Lofty Pursuits, however, is also a toy shop stocking a large selection of creative toys. Visitors of all ages enjoy poking around the store and examining unique displays such as the YoYo Museum (Cohen is a former YoYo champion), vintage toys, a 1920s rotary telephone with unique recordings (dial 007 for James Bond etc.), a Haiku vending machine (poetry for a quarter) and original greeting cards that you definitely won’t find anywhere else. This eclectic shop is a must for any family visiting Tallahassee.
Cascades Park, a 24 acre urban park in the heart of downtown Tallahassee, is as much fun for families visiting as those that reside in the city. The park has trails for walking, running, or cycling, the Discovery playscape for kids and the interactive Imagination Fountain that is ideal for splashing on a hot day and at night transforms into a water show with lights and music. There’s also an amphitheater which is a great venue for live entertainment and there’s a summer concert series that is family-friendly and free.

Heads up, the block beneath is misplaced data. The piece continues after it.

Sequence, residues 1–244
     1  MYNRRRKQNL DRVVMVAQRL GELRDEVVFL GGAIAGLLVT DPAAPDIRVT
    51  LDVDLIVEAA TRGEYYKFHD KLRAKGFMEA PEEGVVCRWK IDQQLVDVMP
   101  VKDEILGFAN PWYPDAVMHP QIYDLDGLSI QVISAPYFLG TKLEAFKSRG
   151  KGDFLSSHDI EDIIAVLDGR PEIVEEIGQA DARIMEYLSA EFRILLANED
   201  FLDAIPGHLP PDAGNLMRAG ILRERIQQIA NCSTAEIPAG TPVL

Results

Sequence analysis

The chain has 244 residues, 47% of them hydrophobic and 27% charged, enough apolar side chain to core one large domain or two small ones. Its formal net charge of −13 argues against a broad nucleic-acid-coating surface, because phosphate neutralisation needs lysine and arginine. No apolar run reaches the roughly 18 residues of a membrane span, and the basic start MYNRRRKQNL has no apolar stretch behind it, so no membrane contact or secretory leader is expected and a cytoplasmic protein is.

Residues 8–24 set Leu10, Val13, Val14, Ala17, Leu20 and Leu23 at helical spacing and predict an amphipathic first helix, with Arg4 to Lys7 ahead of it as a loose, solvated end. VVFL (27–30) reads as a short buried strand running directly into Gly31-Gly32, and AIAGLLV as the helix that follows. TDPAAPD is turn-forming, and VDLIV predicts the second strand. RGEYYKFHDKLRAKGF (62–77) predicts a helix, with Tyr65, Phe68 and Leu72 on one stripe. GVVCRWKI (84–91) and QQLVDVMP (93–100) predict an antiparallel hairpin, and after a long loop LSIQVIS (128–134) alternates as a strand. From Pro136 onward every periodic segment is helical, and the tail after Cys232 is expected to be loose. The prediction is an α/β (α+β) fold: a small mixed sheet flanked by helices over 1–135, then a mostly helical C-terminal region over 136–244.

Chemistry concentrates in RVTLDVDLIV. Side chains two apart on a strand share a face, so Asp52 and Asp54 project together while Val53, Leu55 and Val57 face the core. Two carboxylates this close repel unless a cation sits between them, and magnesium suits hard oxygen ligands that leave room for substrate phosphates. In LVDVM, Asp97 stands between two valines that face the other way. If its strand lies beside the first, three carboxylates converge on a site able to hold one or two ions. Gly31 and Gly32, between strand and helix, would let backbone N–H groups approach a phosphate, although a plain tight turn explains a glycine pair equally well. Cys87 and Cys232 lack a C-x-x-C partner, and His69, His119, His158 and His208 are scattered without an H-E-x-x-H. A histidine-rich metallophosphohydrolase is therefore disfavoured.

There’s also an educational element to visiting Cascades Park as there are informational plaques outlining the history of Tallahassee and other interesting features including the Korean War Memorial, Prime Meridian Plaza and the Smokey Hollow commemoration which remembers the middle-class African American community that resided here from the post-Civil War period until the neighbourhood was eliminated by urban renewal in the 1960s.
Proof Brewing Company
At first glance you might not think that a brewery was the best place to take your kids but at Proof Brewing Co. in the Railroad Square Art Park neighbourhood, parents can enjoy a cold beer in a kid-friendly environment.